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Public feedback has helped the council identify suitable sites for sand and gravel extraction and the plans will now be subject to a final round of consultation.
Wiltshire Council is also challenging the government’s guideline figure on how much sand and gravel should be quarried in the county through the period up to 2026. Based on evidence, the council has found that less sand and gravel is required to meet forecasts of market demand and this lower figure is reflected in the plan.
People who wish to comment on the soundness of the document, for example the evidence on which it is based, are being encouraged to take part in the consultation over the next six weeks. Following this, the document is due to go before the Secretary of State for independent examination. The consultation runs until 12 March 2012 and people can view the document and comment by logging on to the council's planning portal pages.
Sand and gravel (mineral aggregate) is hugely costly to transport so, where possible, planning authorities are required to identify sites that can contribute to meeting local demand.
From 62 possible sites initially put forward by landowners, the council has, through site assessment work and full consultation with local communities, identified seven sites that could provide the 1.2 million tonnes of aggregate per year that it considers to be a sustainable rate of production; balancing the industry’s needs without compromising Wiltshire’s rich environmental and cultural heritage.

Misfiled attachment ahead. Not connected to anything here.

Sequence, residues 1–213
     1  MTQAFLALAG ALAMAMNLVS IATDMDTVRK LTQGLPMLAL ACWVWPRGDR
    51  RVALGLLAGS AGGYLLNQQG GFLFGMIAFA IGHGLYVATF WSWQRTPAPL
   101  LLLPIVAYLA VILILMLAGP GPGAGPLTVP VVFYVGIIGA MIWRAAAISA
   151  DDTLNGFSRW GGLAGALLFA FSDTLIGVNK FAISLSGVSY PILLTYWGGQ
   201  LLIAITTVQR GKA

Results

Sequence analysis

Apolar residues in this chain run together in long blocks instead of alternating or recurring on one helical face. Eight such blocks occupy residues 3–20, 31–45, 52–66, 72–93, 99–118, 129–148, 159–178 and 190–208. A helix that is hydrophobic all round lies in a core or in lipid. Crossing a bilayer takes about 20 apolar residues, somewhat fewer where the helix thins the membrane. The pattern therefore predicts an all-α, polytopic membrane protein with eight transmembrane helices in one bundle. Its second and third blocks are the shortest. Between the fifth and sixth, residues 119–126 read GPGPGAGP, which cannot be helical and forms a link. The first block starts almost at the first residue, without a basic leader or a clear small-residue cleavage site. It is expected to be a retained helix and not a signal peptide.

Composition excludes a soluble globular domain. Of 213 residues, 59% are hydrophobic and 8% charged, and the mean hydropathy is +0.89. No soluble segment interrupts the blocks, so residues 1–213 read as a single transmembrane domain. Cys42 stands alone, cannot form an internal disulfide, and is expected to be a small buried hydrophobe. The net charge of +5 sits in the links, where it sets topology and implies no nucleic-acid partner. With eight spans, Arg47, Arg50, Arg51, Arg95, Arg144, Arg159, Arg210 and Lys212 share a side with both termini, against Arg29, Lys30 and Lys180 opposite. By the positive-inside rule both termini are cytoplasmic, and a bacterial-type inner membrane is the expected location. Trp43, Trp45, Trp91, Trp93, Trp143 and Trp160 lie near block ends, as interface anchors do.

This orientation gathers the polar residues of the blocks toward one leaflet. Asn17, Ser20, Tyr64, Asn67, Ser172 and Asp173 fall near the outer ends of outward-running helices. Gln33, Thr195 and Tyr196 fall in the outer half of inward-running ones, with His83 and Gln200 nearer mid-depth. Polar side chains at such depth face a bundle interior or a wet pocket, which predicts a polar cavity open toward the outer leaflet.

The potential sites suitable for quarrying sand and gravel outlined in the document are in the following local areas:
- Cricklade and Latton
- Calne South and Cherhill
- Alderbury and Whiteparish
Detailed site maps are available on the council’s planning and development pages on the website.
Conservative Cabinet member for Economy, Cllr Fleur de Rhe-Philipe, said:
We believe we have a sound plan. This last round of consultation will enable people to look at the document and challenge any technical points or inaccuracies in the evidence on which we have based these plans. After much work and extensive public consultation we believe we are right to challenge the government’s guideline figure on how much sand and gravel should be quarried in the county as we feel we have identified the right amount needed to meet the expected demand up to 2026 – the period of the plan.